Many will know Tai Shan Schierenberg as one of the judges in the Sky Arts series Portrait Artist of the Year and Landscape Artist of the Year. He specialises in both art forms and is a former winner of the National Portrait Gallery’s John Player Portrait Award. Lesser known is his love of football. Last year, he travelled up from his London home to the West Midlands every weekend to follow the fortunes of West Bromwich Albion Football Club for a Channel 4 Artist in Residence series.
The artist became immersed in a very masculine world. The experience was revelatory. “We went on this wild, roller-coaster ride of a season where they ended up being relegated but with a little blip in the end when you had the hope that kills you. It was an extraordinary experience for me being swept up in this group emotion,” he tells me as he walks me round his show.
His new exhibition, Men Without Women, the title taken from an Ernest Hemingway book, is not a series of paintings about football. Rather, by spending time with players, managers and fans, the artist came face-to-face with the kind of characteristics that make up our view of masculinity today, and he has distilled them into his new works.
Take the top shot, No Man Left Behind, for example. With his signature broad, gestural brushstrokes, Schierenberg’s depiction of three lads out on the town is multi-layered. It conveys aggression through the middle figure’s drunken demeanour. There’s camaraderie as they all sport a shared identity through their T-shirts though the one in the centre has cut the sleeves off in a show of individuality. There’s a sense of caring too as the pair either side look after their worse-for-wear comrade, tempering his belligerence and/or protecting his vulnerability.
The only specifically football-related picture is of the team in pre-season training in Austria, above, already aware of the difficulties they faced ahead. Schierenberg recognised the footballers’ obvious highly competitive nature yet was surprised by their sensitivity to the fickle nature of fandom.
“You come out with 27,000 people screaming for you and then a couple of results go against you and suddenly they hate you. To see them fall apart on the pitch was quite extraordinary. To hear the fans scream at the players to the point where they couldn’t complete a six-foot pass really gets to you.”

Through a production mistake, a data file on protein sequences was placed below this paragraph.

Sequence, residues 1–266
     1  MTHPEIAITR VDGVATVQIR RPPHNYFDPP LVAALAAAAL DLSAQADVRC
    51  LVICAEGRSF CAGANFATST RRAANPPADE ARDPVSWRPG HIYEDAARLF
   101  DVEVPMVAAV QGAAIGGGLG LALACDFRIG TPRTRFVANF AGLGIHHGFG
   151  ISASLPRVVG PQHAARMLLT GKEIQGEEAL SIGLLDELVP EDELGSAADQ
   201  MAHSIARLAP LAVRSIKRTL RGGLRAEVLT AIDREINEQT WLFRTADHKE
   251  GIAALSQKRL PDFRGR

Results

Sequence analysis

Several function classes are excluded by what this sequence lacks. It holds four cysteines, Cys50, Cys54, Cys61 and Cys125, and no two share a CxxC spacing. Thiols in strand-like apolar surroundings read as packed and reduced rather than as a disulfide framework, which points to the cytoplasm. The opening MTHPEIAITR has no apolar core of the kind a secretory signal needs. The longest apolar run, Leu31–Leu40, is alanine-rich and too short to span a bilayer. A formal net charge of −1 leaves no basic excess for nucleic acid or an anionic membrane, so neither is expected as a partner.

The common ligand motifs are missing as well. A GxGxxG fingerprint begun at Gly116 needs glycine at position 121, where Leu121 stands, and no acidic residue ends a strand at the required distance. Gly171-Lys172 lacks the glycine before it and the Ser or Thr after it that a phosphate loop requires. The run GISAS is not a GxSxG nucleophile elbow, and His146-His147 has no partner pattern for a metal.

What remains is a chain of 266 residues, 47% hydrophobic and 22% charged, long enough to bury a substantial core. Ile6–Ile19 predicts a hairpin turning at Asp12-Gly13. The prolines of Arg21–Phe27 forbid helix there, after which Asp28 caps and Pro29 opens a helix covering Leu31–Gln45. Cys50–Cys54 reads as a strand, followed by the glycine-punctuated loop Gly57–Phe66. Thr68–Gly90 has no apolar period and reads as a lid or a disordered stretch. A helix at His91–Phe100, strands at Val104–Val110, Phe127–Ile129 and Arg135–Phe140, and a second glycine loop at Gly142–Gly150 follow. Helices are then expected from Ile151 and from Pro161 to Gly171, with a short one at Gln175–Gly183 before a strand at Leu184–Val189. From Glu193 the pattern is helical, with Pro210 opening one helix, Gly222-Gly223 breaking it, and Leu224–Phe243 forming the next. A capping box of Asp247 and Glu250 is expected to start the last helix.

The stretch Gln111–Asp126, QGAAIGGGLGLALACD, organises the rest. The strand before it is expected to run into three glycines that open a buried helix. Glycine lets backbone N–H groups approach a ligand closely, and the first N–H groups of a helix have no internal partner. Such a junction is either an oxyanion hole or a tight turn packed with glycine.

Schierenberg conveys such emotional states in a nuanced way here. Heads are bowed, the mountain ridges are suggestive of graph-like highs and lows while ominous dark clouds hover above.
The vitriol screamed at players by fans when their team is performing badly is a feature of all sports of a tribal nature. It’s a standard way of channelling aggression, an escape from the humdrum of everyday life. Nowhere is violence more formalised than in boxing. The title of the work above alludes to the idea of violence being romanticised in our culture, starting in teenage years.
“The idea of vengeance and violence is an idea that men play with a lot and so I thought boxing was a prime example of the ritualisation of violence.”
Schierenberg has taken boxing images from the internet, collaged and then reinterpreted them. He has dragged, pushed and scraped the oil paint, once again with those trademark broad, gestural and brightly coloured strokes, until he has reached the desired effect. And that effect is that the fighter on the left has been genuinely hurt by the punch and his opponent is relishing the fact. The different backgrounds to the figures emphasise an invasion of space.
Teenage boredom is sometimes sated through reckless driving at high speed on country roads. Schierenberg spent his formative years working in the woods of the Black Forest in southern Germany. His father had been sent there during the war and returned there years later. “My father was a tyrant and a lot of my masculinity had its roots there as well,” he admits.
The burning car, above, is a reminder of friends who came to grief on high-speed drives through the woods in what he has called ‘country pursuits’. “It’s all about getting away from isolated hamlets into the local town. The boys were trying to escape the gravity of the landscape.” Nobody he knew actually died, hence the open car door. The image serves as a metaphor for the destructive and self-destructive issues of male identity.
On the other hand, just as the footballer and manager seeks solitude to escape the pressures of the profession, so nature can offer solace to the stressed in a kind of mystical connection. Walden, above, is an almost surreal image of a man bathing in rural waters to ease his troubled soul. The football cliché of “a game of two halves” becomes here a painting of two halves. The coolness of the green tones of the foliage in the top half is balanced by the brightness of the water at the bottom, divided by a red line of what could be earth or sand. The firmness of the trees contrast with the almost abstract reflections in the lake.
Tai Shan Schierenberg manages here, and in all these works, to paint the subject in a way that gives him the opportunities to make the work interesting. It’s a cathartic process. “You paint because you’re trying to find out something or actually find out what you feel about the subject. Then something happens to the painting that moves the painting programme forward but there’s also something about the subject matter that captures you. I’ve got no plan, maybe other artists have a plan but I don’t (laughs).”
Men Without Women is showing at Flowers Gallery, 21 Cork Street, London W1S 3LZ until 23 November 2019
The images are © Tai Shan Schierenberg, courtesy of Flowers Gallery, London and New York.